Log4j "Log4Shell" 0-Day Vulnerability Exploited In The Wild

Published on December 29, 2021
Posted by Dennis Salazar

Executive Summary

On December 9, 2021, a zero-day vulnerability was publicly disclosed involving Log4j, a popular Java logging framework. The vulnerability, dubbed "Log4Shell" and tracked as CVE-2021-44228, allows threat actor(s) to execute arbitrary code or potentially leak sensitive information. CVE-2021-44228 has received a Common Vulnerability Scoring System (CVSS) score of 10, classified as the most critical. It is estimated that the zero-day exploit affects hundreds of millions of devices and is very simple to execute.

CVE-2021-44228 was discovered by Chen Zhaojun of Alibaba's Cloud security team on November 24, 2021 and was privately disclosed to the Apache Software Foundation at that time before being released to the general public. The vulnerability has existed unnoticed since 2013. Most recently, China has suspended a deal with Alibaba Cloud for six months on account of failure to deliver prompt disclosure about a critical security vulnerability. Israeli security firm Check Point has noted that more than 4.3 million exploitation attempts have been blocked thus far, with 46% of those intrusions made by known malicious groups.


Log4Shell (CVE-2021-44228) is a zero-day vulnerability affecting the Java logging package log4j. Successful exploitation of log4j can allow threat actor(s) to perform multple attack vectors including: privelege escalation, exfiltration, persistence, lateral movement or any post-exploitation involving cryptocurrency miners, remote access trojans (RATs), and the deployment of ransomware.

Patch remediation and mitigation steps have been released in log4j version >= 2.16.0; Java Naming and Directory Interface (JNDI) is fully disabled, support for Message Lookups is removed, and the new Denial of Service (DoS) vulnerability, CVE-2021-45046, is not present.

What makes this zero-day vulnerability significant is that millions of applications as well as software providers use this package as a dependency in their own code. A community-supported GitHub repository list of software and services vulnerable to CVE-2021-4228 can be found here.

Proof of Concept

The following is a "Log4Shell" exploitation example. Special thanks to tryhackme and John Hammond for putting the lab together!

The target machine is running Apache Solr 8.11.0, one example of software that is known to include this vulnerable log4j package. On the Solr Dashboard, we can identify indicators that log4j is in use within the application for logging activity.

Solr panel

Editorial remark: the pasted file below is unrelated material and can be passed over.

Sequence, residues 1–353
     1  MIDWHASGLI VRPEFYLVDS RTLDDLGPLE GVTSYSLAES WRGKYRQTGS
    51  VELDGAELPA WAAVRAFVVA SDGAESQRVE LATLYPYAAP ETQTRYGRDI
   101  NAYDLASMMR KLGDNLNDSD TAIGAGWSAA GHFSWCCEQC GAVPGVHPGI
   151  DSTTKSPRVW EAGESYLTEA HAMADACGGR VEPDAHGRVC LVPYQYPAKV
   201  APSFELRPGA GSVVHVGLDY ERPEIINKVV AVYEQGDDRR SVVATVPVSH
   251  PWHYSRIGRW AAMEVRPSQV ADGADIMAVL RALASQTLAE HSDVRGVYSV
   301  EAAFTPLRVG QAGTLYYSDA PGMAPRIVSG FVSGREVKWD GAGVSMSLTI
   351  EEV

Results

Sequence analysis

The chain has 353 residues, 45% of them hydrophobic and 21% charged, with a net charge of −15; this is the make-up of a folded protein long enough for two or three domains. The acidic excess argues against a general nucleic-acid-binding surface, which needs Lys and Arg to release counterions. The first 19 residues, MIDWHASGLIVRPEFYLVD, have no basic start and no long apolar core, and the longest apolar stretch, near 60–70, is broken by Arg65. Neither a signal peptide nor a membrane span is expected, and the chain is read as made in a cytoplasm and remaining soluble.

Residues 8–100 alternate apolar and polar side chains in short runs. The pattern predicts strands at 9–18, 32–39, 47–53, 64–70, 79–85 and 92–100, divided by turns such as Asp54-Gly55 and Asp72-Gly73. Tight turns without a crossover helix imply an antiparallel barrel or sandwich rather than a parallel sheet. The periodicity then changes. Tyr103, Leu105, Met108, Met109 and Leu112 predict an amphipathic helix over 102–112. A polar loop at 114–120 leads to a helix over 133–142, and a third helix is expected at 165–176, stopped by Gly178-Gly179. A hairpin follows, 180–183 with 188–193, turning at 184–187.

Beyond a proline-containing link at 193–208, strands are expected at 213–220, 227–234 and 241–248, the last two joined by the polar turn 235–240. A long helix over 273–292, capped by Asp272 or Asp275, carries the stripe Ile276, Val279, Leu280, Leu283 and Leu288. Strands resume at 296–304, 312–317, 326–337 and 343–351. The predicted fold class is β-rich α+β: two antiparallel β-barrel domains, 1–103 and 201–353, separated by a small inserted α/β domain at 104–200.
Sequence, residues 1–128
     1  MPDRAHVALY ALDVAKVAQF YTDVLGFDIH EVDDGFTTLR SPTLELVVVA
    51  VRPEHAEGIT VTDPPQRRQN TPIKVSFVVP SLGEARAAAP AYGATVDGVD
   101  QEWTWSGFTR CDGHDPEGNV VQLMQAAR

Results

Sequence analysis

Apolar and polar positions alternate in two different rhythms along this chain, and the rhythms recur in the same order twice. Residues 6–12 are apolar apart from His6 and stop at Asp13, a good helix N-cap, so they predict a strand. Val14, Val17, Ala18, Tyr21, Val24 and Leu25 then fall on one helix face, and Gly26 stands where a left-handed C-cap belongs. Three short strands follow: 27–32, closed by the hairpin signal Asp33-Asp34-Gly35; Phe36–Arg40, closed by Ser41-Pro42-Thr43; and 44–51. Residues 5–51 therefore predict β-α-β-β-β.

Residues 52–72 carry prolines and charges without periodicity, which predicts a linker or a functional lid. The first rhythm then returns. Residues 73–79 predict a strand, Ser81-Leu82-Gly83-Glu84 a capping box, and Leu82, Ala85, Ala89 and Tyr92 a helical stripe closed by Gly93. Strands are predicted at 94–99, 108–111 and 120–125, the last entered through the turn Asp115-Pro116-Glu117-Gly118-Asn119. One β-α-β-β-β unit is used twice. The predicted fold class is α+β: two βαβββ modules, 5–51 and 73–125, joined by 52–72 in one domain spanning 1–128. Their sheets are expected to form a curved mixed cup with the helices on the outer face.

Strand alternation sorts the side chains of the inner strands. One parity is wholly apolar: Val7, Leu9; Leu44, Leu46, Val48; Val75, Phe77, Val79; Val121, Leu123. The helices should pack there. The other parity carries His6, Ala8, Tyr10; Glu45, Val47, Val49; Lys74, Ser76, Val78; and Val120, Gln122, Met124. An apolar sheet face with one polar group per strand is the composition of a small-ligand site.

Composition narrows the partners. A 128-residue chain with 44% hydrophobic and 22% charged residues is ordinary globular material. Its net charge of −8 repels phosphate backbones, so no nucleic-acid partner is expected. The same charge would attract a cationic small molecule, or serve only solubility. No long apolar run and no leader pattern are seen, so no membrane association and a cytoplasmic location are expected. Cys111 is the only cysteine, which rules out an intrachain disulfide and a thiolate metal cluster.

Notice under "Args" -Dsolr.log.dir=/var/solr/logs

Below are sample Solr logs. In the second image, the Solr logs contain a significant number of INFO entries showing repeated requests to the URL endpoint "/admin/cores". Additionally, the log entries contain a field name "params", which indicates an entry point that a threat actor(s) could control.

Solr Sample Logs
Sample Solr logs

Notice the path and "params" field

The log4j package adds extra logic to logs by parsing entries to enrich the data. This is the gist of CVE-2021-44228.

Syntax Examples:

  • $(sys:os.name}
  • $(sys:user.name}
  • $(log4j:configParentLocation}
  • $(ENV:PATH}
  • ${java:version}
  • The syntax format that takes advantage of this looks like:

  • The syntax indicates that log4j will invoke functionality from Java Naming and Directory Interface (JNDI). This can be used by threat actor(s) to access external sources or references which is what is weaponized in this attack.

    The "ldap://" schema indicates that the target will reach out to an endpoint (a threat actor controlled location), via the Lightweight Directory Access Protocol (LDAP) protocol.

    ATTACKERCONTROLLEDHOST is a placeholder used in the example demo by tryhackme to confirm that the target will in fact make a connection to an external location.

    The syntax can be entered anywhere that has data logged by the application. You can supply HTTP GET variables or parameters which will then be processed and parsed by log4j.

    We can use a Netcat listener on any port of the attacking machine while making a request using curl that will include the JNDI payload syntax as part of the HTTP parameters.

    netcat listener
    Netcat listener

    curl jndi
    Curl request including the JNDI payload syntax

    netcat success